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music in review.


Dead Pony: “War Boys” EP review – rousing debut for Glaswegian rockers

Rating: 4 out of 5.

Get ready to roll out the ragged carpet of red-hot, there’s a new band in town. This is Dead Pony. A collective hailed by the bold and brazen of Sam Fender and Wolf Alice – with a headline show in London’s new flavour, The Lower Third to back up claims – Dead Pony are appearing with an impressive track record already. Equipped with battle-ready choruses, debut EP War Boys is their first stab into the dark, seedy underbelly of Glasgow’s fertile hard rock/post-punk movement. It’s a more calculated stab however, as pre-released singles of 23, Never Me, Bullet Farm, Zero and self-titled War Boys have all revelled in monstrous attention and with a fabulous festival season under their belts with many-a appearances, the Scottish trio have really hit the ground running.

Now, with the release of their first official EP, it’s official. I Don’t Need A Lot and All Dressed Up For Nothing complete the fold to a truly exciting EP that has flairs and dabbles of grunge, punk and hard rock with sounds similar to the soft and hard undertones of Wolf Alice and Bikini Kill.



The EP doesn’t want to hang back kicking in overdrive with Bullet Farm. A fast heavy-hitter with tasty guitar licks and mustered chops to match, “you were falling out of place / and i want to get back to ya/ when our feelings are not natural (you call me crazy but I really know that I’m nice)” it sets the bar for what’s coming up..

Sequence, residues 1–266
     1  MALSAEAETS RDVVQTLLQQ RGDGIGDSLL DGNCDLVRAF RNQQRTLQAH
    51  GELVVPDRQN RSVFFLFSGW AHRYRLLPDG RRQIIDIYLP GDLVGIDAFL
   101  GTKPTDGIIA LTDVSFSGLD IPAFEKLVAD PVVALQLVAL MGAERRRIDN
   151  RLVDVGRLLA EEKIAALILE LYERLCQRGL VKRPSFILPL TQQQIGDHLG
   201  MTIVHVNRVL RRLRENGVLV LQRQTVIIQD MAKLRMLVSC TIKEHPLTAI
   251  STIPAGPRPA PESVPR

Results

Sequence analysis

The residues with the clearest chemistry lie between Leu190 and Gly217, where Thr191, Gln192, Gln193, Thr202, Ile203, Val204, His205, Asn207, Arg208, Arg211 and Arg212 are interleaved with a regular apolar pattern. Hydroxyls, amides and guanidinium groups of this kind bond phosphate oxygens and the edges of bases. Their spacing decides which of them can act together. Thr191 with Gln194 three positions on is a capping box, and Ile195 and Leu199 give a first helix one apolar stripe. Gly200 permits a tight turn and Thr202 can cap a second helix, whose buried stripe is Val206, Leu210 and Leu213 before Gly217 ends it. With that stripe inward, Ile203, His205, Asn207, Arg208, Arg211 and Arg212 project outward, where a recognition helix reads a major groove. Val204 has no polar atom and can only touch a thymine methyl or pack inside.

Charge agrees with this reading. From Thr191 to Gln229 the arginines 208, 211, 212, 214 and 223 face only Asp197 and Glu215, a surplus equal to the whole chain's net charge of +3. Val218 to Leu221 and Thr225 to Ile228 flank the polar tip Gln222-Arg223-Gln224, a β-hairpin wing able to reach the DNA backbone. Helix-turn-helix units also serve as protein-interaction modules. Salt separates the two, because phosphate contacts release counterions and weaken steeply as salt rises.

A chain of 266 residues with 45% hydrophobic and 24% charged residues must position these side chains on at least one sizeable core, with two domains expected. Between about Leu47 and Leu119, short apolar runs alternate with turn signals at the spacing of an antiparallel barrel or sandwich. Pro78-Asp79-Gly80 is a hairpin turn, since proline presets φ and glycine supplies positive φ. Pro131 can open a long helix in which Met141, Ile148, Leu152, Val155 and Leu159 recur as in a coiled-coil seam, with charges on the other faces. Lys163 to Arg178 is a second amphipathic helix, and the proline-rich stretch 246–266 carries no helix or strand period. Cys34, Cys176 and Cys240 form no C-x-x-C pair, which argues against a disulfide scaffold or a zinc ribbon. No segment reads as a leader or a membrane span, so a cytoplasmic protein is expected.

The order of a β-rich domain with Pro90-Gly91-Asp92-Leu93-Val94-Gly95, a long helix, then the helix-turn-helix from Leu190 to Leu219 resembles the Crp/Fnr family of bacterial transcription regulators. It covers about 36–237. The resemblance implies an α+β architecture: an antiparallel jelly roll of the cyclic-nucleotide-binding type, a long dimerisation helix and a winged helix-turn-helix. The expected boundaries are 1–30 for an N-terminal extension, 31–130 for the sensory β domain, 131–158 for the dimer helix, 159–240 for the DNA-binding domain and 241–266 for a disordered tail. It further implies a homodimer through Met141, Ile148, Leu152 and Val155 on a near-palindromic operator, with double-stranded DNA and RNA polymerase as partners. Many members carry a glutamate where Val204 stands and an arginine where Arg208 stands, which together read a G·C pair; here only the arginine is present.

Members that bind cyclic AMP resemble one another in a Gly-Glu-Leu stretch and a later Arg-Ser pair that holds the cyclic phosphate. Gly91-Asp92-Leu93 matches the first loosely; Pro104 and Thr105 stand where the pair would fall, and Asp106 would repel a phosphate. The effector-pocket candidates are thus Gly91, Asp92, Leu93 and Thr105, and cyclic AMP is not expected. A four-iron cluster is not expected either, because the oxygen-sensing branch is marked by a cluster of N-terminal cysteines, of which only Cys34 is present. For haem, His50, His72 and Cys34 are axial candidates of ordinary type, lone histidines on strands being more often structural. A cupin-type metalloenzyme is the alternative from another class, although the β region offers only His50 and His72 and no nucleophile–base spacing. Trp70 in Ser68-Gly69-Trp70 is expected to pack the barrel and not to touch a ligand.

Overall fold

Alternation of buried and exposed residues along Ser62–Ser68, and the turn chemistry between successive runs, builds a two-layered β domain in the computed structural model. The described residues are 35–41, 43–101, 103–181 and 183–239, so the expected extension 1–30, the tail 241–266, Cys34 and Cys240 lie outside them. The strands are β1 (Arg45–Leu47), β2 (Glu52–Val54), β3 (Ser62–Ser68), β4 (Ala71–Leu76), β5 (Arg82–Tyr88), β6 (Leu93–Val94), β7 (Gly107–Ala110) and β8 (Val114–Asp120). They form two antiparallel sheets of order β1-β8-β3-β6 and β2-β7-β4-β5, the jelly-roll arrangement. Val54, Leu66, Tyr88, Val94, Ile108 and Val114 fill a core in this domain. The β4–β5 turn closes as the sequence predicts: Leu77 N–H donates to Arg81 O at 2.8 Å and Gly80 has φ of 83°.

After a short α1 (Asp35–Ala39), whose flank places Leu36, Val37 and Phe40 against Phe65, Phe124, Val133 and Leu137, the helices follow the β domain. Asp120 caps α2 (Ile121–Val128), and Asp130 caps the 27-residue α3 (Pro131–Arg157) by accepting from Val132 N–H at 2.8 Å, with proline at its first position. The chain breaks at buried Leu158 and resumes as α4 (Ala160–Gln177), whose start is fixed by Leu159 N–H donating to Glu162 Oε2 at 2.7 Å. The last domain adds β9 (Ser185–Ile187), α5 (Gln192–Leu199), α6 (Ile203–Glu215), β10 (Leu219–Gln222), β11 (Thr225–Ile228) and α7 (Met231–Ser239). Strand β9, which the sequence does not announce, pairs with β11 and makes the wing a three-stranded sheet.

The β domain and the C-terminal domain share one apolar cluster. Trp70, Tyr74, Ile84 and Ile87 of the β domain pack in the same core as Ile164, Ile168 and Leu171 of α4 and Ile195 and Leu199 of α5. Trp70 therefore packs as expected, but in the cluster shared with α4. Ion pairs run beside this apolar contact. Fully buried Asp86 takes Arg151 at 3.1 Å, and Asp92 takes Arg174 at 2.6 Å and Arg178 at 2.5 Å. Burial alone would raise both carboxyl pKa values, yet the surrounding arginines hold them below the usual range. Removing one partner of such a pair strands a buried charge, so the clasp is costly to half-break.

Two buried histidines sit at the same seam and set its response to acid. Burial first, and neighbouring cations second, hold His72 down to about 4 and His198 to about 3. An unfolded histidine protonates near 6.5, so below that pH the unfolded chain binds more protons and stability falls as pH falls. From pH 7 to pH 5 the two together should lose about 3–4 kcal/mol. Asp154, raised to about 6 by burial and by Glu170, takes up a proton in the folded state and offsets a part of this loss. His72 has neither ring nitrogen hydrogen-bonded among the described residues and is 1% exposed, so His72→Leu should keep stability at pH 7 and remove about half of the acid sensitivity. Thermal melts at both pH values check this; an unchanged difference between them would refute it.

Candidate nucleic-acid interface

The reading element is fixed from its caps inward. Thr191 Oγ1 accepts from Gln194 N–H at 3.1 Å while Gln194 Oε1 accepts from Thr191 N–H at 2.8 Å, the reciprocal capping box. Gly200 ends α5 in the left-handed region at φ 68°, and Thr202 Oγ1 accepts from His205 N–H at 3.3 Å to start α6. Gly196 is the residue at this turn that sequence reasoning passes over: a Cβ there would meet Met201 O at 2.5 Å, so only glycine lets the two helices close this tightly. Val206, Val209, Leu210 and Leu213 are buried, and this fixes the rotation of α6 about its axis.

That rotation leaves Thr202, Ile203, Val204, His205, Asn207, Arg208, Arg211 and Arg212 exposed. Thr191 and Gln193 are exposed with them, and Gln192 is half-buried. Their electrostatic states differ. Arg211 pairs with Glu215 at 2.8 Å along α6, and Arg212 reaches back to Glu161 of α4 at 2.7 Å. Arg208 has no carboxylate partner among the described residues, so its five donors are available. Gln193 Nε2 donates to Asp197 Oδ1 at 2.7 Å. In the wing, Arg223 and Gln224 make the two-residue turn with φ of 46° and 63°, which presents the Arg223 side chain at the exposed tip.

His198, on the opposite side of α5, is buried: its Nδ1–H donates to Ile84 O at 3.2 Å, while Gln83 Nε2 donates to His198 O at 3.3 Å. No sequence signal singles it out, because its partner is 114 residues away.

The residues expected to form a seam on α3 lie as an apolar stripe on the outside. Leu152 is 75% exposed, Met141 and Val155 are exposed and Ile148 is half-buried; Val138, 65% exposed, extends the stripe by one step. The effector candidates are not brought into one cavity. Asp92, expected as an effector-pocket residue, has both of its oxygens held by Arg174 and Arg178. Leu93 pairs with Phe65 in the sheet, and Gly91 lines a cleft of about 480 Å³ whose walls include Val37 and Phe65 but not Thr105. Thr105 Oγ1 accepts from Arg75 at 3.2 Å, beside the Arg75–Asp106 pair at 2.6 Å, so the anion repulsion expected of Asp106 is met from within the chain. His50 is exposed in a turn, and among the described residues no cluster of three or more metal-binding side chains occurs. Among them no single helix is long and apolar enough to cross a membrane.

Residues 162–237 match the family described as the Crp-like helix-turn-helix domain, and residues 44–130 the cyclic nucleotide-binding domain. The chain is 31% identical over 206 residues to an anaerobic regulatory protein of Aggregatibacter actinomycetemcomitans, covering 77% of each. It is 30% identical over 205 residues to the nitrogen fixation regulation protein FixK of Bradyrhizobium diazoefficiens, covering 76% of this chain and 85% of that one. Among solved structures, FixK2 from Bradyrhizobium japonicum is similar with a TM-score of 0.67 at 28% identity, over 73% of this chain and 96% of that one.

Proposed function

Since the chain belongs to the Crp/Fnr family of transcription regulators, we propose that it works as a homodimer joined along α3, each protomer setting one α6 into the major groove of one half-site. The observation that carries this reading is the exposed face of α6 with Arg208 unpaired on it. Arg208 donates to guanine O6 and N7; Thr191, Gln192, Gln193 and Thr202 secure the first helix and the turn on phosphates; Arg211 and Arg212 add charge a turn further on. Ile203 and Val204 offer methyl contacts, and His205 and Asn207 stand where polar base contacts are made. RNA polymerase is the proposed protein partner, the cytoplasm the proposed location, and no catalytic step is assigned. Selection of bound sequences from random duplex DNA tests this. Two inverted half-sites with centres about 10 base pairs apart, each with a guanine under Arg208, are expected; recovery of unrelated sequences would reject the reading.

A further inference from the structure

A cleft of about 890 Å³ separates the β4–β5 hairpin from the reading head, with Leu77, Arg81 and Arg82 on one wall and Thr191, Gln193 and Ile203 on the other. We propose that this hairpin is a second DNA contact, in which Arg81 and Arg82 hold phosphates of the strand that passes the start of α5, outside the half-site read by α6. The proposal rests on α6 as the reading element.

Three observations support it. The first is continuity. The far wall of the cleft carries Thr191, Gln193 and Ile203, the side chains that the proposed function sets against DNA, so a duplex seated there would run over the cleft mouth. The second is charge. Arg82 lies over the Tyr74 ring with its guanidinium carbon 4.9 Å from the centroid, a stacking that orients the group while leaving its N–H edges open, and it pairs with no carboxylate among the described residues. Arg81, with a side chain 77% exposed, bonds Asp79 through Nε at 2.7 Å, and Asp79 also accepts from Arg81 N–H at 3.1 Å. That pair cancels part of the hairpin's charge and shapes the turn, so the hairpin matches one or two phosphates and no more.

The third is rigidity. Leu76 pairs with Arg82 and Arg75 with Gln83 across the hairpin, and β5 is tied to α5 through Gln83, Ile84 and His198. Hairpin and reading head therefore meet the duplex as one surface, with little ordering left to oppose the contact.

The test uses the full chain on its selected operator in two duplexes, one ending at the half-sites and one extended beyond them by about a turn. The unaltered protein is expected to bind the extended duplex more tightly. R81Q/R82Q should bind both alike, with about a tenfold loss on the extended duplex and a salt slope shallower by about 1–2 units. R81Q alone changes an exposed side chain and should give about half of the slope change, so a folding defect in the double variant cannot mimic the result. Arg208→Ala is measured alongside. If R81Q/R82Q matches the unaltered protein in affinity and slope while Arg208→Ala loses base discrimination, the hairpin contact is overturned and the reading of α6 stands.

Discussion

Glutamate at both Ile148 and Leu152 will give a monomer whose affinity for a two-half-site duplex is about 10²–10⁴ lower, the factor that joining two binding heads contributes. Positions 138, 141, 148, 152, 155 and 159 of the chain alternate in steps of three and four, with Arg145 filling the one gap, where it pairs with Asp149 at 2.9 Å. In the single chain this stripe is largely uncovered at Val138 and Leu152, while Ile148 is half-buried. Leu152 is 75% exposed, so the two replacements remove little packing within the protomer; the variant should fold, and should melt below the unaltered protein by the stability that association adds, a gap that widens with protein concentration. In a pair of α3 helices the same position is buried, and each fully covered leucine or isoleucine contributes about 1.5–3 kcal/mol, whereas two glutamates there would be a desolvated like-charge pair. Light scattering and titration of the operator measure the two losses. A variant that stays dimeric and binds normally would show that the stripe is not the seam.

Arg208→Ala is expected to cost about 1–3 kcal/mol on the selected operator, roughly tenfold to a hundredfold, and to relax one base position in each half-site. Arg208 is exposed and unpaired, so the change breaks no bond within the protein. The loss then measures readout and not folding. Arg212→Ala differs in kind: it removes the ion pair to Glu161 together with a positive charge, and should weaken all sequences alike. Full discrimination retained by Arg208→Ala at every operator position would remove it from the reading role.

A perfect sentiment to a stadium belter, stand-out single has to be Zero. The guys sonic aggression and attitude in this song is matched only with a chorus that is ready to be stuck in your head for weeks at a time. Unfettered artistic prowess, it is the fall-out single that the rest of the EP is based around, as it plays out a balancing game between anger and control: “…When Blair wrote the riff it acted as a gateway to a whole new style of songwriting. The song combines electronic elements, samples and high energy rock akin to The Prodigy. When the band got together the whole song was written in 10 minutes. Zero continues our current trend of post apocalyptic songwriting without directly referencing any particular subject.”

Self-titled, War Boys is another dirty trailblazer that will slap you in the face silly with its explosive antics, “We don’t need to talk about it anymore / Kick you on the curb and make you shut the door / Get used to gettin’, ah, ah, get used to gettin’ / We don’t need to talk about it anymore / Kick you on the curb and put you on the floor / Get used to gettin’, ah, ah, get usеd to gettin.’”

23, Never Me finishes off an emphatic trial, as fast and fuzzy reaches boiling point for another battle-ready chorus reaching dizzying heights, “can’t save me from another problem / never let your feelings show / know it, I, know it, I know it, I know / I know he’s gone.”

Embracing a catharsis within themselves as a band, they took the executive decision to write, record and mix the whole EP at home in Glasgow, revelling in the true spirit of what type of band they truly are – raucous and off the chain.

Fantastically simplistic in nature, it’s a no-holds-barred rock EP that does exactly what it says on the tin. Brilliant stuff. War Boys is out on the 23rd of September, via LAB Records.

Dead Pony are: Anna Shields, Blair Chrichton, Liam Adams and Aidan McAllister.


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